Knight Journalism Award Stokes Denver Indie-Media Community

The Knight Foundation announced its News Challenge Award winners today at the Interactive Media Conference in Las Vegas. Sixteen projects will share various portions of this year's $5.5 million prize. With the News Challenge, Knight aims to fund new-media innovations that "transform community life." This year's winners include digital culture all-star Tim Berners-Lee, who invented the World Wide Web, and ten "young creators" or applicants who are less than 25 years old.

Also among the winners was Denver Open Media, a two-year-old independent public access broadcast project. (disclosure: I am a recent addition to the DOM board.) The organization won a two-year $380,000 grant to help share its open-platform business model with stations nationwide, connecting public access stations across the country to create a new-style broadcast network. The small DOM staff trains people to film and edit their programs and upload them to the Web. The programs then play on three local TV stations and on the internet. Viewers can text in ratings and comments on each show. The rating and comments appear onscreen in realtime. Programs that garner the most votes move into the best time slots. Program quality, styles and purposes vary wildly.

News of the Knight award heightened buzz among the Denver independent media community, which has been ramping up in advance of the Democratic National Convention to be held here in August. IndyMedia Colorado reformed in the spring and national players such as Google, YouTube and Daily Kos have begun laying plans for Convention coverage, working together to set up a "Big Tent" space for bloggers to work at while the delegates convention in the city's Pepsi Center. According to a report at Kos, the space will be well-rigged with wifi and digital equipment.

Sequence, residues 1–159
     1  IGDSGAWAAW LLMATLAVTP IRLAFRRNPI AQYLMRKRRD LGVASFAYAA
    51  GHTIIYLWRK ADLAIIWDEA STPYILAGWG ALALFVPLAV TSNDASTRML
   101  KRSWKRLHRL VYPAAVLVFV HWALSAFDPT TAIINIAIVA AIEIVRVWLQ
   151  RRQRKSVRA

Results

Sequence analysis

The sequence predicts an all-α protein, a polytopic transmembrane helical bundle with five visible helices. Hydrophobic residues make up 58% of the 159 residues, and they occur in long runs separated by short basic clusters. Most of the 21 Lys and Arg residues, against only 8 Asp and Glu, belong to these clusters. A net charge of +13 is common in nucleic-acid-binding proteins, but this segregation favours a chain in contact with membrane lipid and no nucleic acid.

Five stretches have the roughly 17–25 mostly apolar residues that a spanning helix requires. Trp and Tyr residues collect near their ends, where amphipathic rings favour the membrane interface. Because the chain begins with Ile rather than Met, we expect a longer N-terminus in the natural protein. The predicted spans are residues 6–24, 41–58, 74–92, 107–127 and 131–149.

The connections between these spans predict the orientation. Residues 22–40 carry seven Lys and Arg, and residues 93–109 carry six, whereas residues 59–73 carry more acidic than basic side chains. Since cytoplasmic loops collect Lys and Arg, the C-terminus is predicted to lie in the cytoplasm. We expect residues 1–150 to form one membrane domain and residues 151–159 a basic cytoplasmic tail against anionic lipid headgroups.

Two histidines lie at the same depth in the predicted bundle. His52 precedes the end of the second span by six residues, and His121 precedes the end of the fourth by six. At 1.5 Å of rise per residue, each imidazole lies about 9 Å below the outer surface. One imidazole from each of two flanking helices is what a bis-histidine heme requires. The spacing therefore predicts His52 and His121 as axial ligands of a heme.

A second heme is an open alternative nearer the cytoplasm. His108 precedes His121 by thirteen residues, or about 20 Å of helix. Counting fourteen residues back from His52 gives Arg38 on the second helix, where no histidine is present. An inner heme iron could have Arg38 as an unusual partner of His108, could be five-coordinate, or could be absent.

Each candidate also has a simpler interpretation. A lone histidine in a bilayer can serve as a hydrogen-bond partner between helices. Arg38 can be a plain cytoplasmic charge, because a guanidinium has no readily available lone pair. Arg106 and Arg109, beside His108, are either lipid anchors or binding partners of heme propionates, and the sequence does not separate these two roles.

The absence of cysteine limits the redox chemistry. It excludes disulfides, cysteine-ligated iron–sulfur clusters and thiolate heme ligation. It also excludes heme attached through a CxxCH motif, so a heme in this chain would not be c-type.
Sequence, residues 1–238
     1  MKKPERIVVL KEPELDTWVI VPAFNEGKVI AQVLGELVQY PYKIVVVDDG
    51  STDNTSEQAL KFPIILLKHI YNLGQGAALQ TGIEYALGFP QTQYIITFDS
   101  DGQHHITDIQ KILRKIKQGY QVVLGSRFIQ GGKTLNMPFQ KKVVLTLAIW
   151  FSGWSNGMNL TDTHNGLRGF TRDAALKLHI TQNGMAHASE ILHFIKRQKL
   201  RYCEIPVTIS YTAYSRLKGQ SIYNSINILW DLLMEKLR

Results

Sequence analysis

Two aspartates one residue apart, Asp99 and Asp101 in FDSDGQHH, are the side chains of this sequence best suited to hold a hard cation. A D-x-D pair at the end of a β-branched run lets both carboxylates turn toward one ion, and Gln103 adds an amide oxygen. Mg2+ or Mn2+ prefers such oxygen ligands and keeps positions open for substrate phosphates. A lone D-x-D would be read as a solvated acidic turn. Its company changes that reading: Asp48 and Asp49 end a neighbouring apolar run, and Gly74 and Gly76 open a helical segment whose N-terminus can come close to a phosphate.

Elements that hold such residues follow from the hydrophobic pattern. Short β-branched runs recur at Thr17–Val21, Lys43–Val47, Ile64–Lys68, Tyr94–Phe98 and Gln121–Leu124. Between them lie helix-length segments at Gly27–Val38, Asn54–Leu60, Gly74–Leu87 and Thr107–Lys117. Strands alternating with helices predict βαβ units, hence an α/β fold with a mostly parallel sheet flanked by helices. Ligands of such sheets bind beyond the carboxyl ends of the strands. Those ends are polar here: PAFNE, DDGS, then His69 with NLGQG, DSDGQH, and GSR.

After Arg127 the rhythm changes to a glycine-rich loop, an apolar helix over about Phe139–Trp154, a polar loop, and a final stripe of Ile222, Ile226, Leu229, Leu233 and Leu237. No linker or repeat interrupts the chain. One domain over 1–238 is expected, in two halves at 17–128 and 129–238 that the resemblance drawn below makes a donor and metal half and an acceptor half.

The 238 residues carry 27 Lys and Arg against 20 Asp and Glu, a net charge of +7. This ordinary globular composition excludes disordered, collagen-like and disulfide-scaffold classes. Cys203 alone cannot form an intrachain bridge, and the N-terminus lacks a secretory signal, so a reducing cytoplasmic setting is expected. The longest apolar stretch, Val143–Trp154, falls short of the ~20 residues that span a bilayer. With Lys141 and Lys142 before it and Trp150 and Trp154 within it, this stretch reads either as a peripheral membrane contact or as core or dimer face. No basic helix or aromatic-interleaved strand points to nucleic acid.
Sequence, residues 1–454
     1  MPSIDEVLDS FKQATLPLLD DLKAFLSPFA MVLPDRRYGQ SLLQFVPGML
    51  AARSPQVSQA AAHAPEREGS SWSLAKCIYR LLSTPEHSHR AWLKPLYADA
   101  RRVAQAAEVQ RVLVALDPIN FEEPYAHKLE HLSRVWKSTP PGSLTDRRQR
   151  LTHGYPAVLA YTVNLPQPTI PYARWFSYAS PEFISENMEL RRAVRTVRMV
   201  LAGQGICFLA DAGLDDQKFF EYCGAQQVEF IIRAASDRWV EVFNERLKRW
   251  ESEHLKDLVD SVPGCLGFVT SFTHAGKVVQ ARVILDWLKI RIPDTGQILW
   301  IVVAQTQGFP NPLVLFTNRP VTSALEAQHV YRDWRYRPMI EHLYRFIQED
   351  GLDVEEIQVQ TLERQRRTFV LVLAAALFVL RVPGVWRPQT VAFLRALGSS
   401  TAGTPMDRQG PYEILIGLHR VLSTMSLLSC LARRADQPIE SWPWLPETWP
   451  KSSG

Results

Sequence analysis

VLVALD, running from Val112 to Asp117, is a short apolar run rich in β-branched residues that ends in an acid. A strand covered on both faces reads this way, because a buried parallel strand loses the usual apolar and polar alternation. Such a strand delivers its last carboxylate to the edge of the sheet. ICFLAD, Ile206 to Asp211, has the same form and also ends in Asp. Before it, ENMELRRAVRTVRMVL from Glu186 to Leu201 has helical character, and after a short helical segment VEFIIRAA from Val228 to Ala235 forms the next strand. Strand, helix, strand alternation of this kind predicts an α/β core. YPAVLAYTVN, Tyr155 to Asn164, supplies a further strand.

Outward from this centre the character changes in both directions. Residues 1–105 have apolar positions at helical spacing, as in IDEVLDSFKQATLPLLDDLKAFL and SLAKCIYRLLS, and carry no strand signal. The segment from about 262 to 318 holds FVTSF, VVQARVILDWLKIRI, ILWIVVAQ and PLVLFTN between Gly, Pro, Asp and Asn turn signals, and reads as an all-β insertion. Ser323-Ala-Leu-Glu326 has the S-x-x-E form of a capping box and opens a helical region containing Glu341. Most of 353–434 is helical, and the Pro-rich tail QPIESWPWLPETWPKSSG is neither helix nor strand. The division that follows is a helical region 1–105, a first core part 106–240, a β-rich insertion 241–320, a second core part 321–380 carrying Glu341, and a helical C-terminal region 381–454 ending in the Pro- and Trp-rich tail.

Free Speech TV is hosting Democracy Now! and deploying their cameras and crew to report on convention protests. Denver is also hosting Dialog:City, a public art project that will feature ten digital media instillations in neighborhoods throughout the city.

I spoke briefly with DOM executive director Tony Shawcross yesterday.

How does the award money change what you can do at DOM?

The main thing [the money] enables us to do is replicate our model at other public-access stations and begin to realize the promise of networking in a way that lets the stations share content, share best-practices and cooperate the way other media networks do. As we hope to increase viewership, we want to collectively leverage the best community media across several stations and begin to offer programming of a different level of quality. Bringing multiple stations together will increase the amount of quality programming for all.

How will it influence public access TV? What's your goal?

Our plans are about getting a wider audience for citizen journalism and aimed at making it clear that the tools and skills required to get your work seen by a large audience are not reserved for the privileged few.

What's changing right now in your community of independent media makers in preparation for the convention?

I would say that the real story of the DNC this year will be the non-commercial perspective. Community perspectives from everyday people will be more accessible this year than at any convention before. The real story will not happen inside the Pepsi Center.